Wednesday 24.04.2024 ΚΕΡΚΥΡΑ

Paramedics resuscitate 65-year-old with heart problem

EKAB
31 Jan 2024 / 10:59

CORFU. "Upon arrival at the hospital, the patient receives the first defibrillation from the ambulance crew, and we hand him over for recovery with the entire team attending to him without a second΄s pause. After a short while, the patient rises, returning from the world of the dead to the world of the living."

On Tuesday evening, January 30th, the Ambulance Service (EKAB) received a call regarding a man in the port area with a cardiac problem. An ambulance rushed to the scene where they found the man, approximately 65 years old, without a pulse. After many attempts, the paramedics managed to resuscitate him.

The incident was described in a post on social media by the president of the Corfu Ambulance Service Employees Union, Christos Kypriotis.

"At the EKAB, a shift passes calmly until suddenly it changes.

But at the EKAB, we are never relaxed until our shift ends.

This evening, January 30th, the radio shouts loudly, "K21?"

The K21 centre responds:

"You will go to the port, K21, above the ... cafe. Urgent cardiac case, approximately 65-year-old male."

"Understood, K21, we are heading there."

In two minutes, we arrive at the scene, and the patient is found without a pulse and breath, with his wife informing us that she was nearby when he called her, saying he wasn't feeling well. She rushed home to find him unconscious on the couch.

 

Immediate initiation of cardiopulmonary resuscitation (CPR) using an AED as the patient was found in asystole after repeated attempts. Continuous resuscitation efforts were made while keeping the hospital informed to have a resuscitation team ready and waiting.

Upon arrival at the hospital, the patient receives the first defibrillation from the ambulance crew, and we hand him over for recovery with the entire team attending to him without a second's pause. After a short while, the patient rises, returning from the world of the dead to the world of the living. He is intubated and transferred to the Intensive Care Unit (ICU).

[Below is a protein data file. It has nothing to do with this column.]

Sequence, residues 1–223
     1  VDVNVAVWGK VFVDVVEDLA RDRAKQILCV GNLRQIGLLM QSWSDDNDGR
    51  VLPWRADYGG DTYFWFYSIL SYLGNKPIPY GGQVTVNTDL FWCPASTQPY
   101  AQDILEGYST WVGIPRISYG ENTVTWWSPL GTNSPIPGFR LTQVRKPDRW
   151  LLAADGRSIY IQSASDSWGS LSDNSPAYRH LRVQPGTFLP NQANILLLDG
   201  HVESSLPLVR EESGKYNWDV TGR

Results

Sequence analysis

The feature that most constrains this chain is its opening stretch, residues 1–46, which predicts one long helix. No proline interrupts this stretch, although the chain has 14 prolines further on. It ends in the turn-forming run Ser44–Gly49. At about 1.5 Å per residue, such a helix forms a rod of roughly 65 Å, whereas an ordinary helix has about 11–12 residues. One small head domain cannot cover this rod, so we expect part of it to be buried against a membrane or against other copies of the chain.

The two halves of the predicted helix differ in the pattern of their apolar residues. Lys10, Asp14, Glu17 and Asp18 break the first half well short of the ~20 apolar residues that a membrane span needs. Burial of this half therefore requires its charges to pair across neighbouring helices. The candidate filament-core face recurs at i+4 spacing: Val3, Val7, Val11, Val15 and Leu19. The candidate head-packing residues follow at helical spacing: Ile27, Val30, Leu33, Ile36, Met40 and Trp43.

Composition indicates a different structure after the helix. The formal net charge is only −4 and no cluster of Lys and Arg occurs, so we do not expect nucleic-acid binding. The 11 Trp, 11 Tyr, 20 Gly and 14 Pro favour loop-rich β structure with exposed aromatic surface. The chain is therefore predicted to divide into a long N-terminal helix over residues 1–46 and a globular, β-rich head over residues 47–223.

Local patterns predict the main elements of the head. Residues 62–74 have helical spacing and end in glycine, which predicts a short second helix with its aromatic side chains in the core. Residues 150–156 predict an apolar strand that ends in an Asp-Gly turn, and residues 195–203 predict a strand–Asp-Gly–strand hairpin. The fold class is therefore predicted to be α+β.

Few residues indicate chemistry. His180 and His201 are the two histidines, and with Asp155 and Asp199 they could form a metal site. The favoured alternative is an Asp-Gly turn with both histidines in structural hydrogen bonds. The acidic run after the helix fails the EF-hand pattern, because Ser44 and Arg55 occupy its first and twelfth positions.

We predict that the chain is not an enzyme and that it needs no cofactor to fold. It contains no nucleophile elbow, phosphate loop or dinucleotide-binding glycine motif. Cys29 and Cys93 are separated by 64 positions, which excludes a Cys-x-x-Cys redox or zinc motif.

This is what we call the survival chain: skilled healthcare professionals from EKAB and hospital staff, doctors, and nurses, proud of our services.

Certainly, I cannot predict the outcome of such an incident, but our collective wish is for this person to remain alive and return to his family with as little damage as possible.

In such a battle, there is never too much assistance, and public education in first aid can save lives until the arrival of EKAB.

This is because we shouldn't only hear about the negatives but also the positives of the health service and the right to life on our island.

■ When we see an emergency vehicle with lights and sirens, we always pull over.

■ When we go to the hospital, we don't kick the doors.

■ When we face healthcare professionals, we don't assault them; they are few and precious.

■ We never leave any incident to chance unless we exhaust every possible means of assistance."

 

 

VASSILIS PANTAZOPOULOS

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